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When more is better

I was listening to James Altucher's podcast earlier today, where he interviews Jocko Willink, an ex-navy SEAL with the US Navy. 

One of the things that Jocko Willink talks about is the advantage you can have by waking up or showing up earlier than those you are competing with. He talks about how if the enemy wakes up at 5 and you wake up at 4:55, you have a five minute head start on them. And goes on to draw parallels to the workplace to say someone showing up at 7 to work has an unbeatable advantage over someone that shows up at 9. 

I don't buy this line of thought at all. 

While this is sound tactical advice, it is very poor strategic advice. Someone might be able to show up earlier and put in the extra hours for a day, a week, a month. But putting in extra hours isn't a sustainable advantage. If you're consistently putting in one or two hours more than your peers at something, you're putting in one or two hours less than them at something else. 

Everybody has the same twenty four hours to put in. 

Moreover, this is very easy to replicate by someone else. What if the ones you're competing with also start putting in extra hours? Would you put in an additional two hours? Where does this escalation of effort stop?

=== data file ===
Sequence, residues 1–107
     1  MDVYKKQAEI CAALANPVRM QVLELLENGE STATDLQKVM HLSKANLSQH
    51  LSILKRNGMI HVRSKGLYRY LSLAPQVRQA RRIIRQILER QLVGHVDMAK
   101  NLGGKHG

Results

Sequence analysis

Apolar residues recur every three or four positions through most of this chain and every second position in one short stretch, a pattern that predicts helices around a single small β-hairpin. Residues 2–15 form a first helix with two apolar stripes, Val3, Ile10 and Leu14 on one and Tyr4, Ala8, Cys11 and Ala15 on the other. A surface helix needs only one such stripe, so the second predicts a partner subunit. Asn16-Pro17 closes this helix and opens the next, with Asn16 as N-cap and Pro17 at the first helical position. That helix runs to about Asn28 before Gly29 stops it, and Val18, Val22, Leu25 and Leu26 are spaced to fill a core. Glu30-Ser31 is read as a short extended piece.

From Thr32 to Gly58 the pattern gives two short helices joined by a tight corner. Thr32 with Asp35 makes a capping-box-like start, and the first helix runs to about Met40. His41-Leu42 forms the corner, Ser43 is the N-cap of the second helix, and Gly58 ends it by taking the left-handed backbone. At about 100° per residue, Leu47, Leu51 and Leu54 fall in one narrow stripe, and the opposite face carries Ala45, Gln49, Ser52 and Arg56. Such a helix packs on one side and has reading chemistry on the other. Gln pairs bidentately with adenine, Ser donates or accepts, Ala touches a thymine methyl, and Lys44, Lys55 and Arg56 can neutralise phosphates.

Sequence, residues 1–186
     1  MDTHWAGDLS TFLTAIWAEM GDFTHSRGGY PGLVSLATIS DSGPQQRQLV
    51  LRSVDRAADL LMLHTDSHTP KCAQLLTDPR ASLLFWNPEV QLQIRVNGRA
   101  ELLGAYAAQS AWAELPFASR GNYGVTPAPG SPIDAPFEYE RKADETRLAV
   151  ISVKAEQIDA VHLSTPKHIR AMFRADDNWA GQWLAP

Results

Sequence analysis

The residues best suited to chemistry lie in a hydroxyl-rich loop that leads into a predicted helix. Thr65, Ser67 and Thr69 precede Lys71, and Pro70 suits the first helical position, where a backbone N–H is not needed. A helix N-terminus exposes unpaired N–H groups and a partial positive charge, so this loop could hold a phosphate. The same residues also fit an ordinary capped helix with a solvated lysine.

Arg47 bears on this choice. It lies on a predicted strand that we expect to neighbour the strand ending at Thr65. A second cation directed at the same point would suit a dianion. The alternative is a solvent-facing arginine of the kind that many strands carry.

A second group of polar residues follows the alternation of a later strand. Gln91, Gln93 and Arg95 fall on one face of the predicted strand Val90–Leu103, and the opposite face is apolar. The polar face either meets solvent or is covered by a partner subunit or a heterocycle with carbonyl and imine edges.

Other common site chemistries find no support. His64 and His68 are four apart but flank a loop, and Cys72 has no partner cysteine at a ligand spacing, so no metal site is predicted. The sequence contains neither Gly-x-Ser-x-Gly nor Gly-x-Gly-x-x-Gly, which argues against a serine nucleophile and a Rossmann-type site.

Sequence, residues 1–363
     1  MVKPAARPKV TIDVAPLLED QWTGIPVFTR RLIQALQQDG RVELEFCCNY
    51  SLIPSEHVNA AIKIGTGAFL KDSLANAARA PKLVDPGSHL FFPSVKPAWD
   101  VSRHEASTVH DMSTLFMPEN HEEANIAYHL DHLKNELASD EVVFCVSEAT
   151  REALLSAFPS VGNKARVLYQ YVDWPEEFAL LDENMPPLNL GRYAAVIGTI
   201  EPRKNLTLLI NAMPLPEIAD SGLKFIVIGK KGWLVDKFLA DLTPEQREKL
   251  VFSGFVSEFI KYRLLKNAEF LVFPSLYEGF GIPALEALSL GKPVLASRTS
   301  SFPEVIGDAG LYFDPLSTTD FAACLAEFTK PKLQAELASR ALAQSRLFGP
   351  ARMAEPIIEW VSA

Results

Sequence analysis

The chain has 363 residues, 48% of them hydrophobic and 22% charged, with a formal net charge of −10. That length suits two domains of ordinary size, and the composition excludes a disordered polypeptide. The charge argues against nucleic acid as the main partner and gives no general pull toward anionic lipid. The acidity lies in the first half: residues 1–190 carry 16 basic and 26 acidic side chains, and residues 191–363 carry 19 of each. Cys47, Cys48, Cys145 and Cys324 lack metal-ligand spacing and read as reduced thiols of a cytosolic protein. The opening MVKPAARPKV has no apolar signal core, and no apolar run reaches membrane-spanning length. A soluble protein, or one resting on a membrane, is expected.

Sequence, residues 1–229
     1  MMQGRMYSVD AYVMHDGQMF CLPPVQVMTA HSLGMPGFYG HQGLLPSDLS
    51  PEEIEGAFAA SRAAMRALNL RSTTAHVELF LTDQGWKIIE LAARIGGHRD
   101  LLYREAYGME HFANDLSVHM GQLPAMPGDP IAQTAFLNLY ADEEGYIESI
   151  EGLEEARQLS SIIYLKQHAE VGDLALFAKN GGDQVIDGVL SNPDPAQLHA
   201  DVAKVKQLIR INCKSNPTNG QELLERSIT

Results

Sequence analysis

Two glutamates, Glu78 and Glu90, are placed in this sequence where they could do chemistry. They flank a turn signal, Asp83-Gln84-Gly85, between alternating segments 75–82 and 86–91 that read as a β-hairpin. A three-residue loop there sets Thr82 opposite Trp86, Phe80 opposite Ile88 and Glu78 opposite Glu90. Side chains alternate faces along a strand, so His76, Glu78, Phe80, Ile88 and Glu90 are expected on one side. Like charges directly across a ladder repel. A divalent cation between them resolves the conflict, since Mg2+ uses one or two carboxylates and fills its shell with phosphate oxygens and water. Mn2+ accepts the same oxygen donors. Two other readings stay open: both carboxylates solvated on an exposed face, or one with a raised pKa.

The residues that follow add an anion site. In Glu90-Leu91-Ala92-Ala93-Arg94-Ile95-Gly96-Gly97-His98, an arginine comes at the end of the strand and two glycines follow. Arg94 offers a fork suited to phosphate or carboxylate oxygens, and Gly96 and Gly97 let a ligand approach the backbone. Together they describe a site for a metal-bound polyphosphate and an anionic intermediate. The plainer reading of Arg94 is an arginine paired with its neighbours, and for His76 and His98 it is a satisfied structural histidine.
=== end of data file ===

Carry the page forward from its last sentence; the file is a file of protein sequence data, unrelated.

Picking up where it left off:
From a strategic standpoint, more is better only when you can define a point beyond which more is not better. 

'More is better' is not a lasting strategy. 

Similarly, more is not always better when it comes to goals or the things we want as well. 

All of this, however is in quantity - number of hours, amount of money, things we have, etc. 

There is a case when 'more is better' is a lasting strategy. And that is in quality. The quality of our work, the quality of our interactions, the quality of our attitude. 

These are things we can always do better on.

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